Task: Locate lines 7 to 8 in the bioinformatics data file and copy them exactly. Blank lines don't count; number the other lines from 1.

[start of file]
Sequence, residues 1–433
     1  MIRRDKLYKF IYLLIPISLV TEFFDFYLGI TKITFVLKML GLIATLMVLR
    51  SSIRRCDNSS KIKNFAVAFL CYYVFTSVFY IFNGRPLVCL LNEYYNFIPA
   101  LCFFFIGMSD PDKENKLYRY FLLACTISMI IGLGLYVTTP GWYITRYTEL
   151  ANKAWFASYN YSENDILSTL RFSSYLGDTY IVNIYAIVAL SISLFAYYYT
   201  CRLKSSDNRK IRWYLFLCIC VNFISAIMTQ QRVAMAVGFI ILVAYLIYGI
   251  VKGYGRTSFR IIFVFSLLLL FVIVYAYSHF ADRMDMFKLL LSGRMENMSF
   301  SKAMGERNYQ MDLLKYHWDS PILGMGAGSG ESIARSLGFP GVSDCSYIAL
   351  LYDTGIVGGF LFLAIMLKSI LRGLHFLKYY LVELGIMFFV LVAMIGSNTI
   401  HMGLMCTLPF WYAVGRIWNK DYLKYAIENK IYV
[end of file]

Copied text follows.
   251  VKGYGRTSFR IIFVFSLLLL FVIVYAYSHF ADRMDMFKLL LSGRMENMSF
   301  SKAMGERNYQ MDLLKYHWDS PILGMGAGSG ESIARSLGFP GVSDCSYIAL